The Digital Operational Resilience Act (DORA) is in place to solve digital operational risk within the financial services.

The regulation focuses on the ‘protection, detection, containment, recovery and repair capabilities against ICT-related incidents. DORA explicitly refers to ICT risk and sets rules on ICT risk-management, incident reporting, operational resilience testing and ICT third-party risk monitoring.’

With this digital lens, it is easy to overlook a larger problem with operational resilience that is the reliance on key individuals who maintain understanding of systems and processes.

If these individuals were to leave the organisation or move from their role, this knowledge may be lost along with the ability to run and support the system. This needs to be considered and solved as part of an organisation’s DORA compliance.

This POV will uncover the human aspect of digital operational resilience and how it can be addressed as a single point of failure.


The Digital Operational Resilience Act (DORA) is a package of legislation that seeks to strengthen companies operating in Financial Services by improving their operational resilience. The act has five pillars that combine to protect the ability of a financial organisation to operate, going beyond the focus of financial resilience.

One of these pillars dictates that organisations must document and implement measures, controls, frameworks, and processes to demonstrate oversight and control of their digital risk. Sounds great. Organisations can implement technology to generate reports on IT incidents and cyber breaches, with information such as the number of affected users, economic impact, severity, criticality, and magnitude, thus responding to this pillar’s requirements. Compliance is a sure thing, right?

But what else needs to be considered as part of this regulatory response?

The Human Aspect of Digital Resilience

You may have the most robust digital solution with the agility to adapt and scale with the business and, in theory, make you DORA compliant whilst overlooking the need for a human to support the system, creating a single point of failure.

This vulnerability seemingly falls below the radar for DORA despite the centrality to operational resilience.

Overcoming this vulnerability begins with understanding how operational processes and systems operate day to day and ensuring that single individuals are not critical to their operation. Infrastructure and those tasked with resolving support problems are similarly important.


Process Automation

Process automation is a great way of recording and consolidating crucial knowledge and understanding of a business process.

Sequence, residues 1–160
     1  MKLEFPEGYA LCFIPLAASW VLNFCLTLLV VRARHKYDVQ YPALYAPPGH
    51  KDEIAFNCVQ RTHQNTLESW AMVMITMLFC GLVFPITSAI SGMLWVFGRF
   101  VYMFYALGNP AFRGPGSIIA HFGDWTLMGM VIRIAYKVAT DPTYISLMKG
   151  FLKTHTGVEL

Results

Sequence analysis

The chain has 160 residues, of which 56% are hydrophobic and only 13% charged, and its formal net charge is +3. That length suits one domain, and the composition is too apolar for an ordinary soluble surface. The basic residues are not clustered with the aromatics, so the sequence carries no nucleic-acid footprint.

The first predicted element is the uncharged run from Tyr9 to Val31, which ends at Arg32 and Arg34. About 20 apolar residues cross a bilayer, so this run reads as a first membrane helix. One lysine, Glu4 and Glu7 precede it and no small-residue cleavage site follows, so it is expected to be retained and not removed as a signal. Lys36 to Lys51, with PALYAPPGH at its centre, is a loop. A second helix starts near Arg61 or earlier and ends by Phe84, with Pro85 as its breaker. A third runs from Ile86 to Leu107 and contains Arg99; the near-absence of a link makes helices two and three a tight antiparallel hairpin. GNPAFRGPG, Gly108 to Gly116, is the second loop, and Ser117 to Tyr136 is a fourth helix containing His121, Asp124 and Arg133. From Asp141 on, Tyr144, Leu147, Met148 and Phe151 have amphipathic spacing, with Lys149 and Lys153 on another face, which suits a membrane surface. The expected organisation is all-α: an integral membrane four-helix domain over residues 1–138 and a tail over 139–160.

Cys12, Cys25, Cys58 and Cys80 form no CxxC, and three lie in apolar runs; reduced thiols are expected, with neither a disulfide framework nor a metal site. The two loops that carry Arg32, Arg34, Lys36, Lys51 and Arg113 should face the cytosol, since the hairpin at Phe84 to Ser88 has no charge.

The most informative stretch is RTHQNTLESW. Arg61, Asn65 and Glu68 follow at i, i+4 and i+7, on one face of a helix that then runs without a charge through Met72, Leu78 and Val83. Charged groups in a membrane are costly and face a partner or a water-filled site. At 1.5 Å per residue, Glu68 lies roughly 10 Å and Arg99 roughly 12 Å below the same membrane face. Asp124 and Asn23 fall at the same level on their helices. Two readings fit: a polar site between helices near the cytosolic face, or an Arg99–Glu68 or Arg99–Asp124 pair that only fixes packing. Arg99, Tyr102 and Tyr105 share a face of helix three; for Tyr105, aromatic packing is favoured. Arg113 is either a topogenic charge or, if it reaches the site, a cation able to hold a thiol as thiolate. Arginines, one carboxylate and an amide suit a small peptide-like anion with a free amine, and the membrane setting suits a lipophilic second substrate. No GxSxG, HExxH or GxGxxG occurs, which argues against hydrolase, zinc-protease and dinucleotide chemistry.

To automate a process, it must be defined and documented. This immediately brings value to an organisation, with improved understanding and consistent application of policy. It documents previously unrecorded activity that can be used by staff to maintain the process.

Documentation should include the process flow, relevant systems, and resources to create a holistic view of the process so it can be automated or manually run consistently.

Process automation will ensure that the right systems and resources are engaged at the right stage to streamline the flow and completion of the tasks and overall workflow.

Manual Process Oversight

Some processes consist of tasks that are complex and cannot be easily automated.

To address DORA, it is reasonable to automate a checklist with guard rails to guide “gifted armatures” through the process. It consists of tasks that say, “Do this like this and when you have finished upload the evidence”.

This is a very effective way to start addressing the risk of losing knowledge of what and how a process should be performed. It helps to capture the process and provides a foundation for iterative or agile refinement.


Attempting to be 100% accurate and to deliver a “perfect” process, or to map all processes before starting automation is a mistake. Processes move naturally over time and when they have no anchors documenting them is a never-ending task that is subject to and at the mercy of opinion.

For the purposes of DORA, Responsiv recommend sketching the process and gathering information about each task, and then immediately building a “pilot” process. The pilot will drive out new information and objections as well as suggestions for improvement far more quickly than a conceptual investigation.

A Responsiv Outlook on DORA

Responsiv believe that addressing operational human vulnerability is a critical dimension to ensuring DORA compliance.

As explored above, Responsiv understand how organisations can successfully implement processes as a way to consolidate staff information of key business workflows and policies. Our experience of doing this across industries has provided a depth of insight into engaging stakeholders for successful contribution to and adoption of processes.

Our Responsiv Consultants are available to remove strain from your in-house teams, allowing them to focus on more value-add activity by removing the distraction of the regulator.

We help financial organisations drive process automation and integration projects, and to develop cost-effective ways to mitigate human and other digital and operational business risks. We take the time to understand your business environment to ensure we fully comprehend actions, tasks, systems, and implications of the process so our solution is resilient.

Contact Responsiv for more information and insight into responding to DORA

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    Zoe Whyte

    Zoe Whyte

    Zoe is the Marketing Manager at Responsiv. She has a first-class degree in History and completed the miniMBA in Marketing.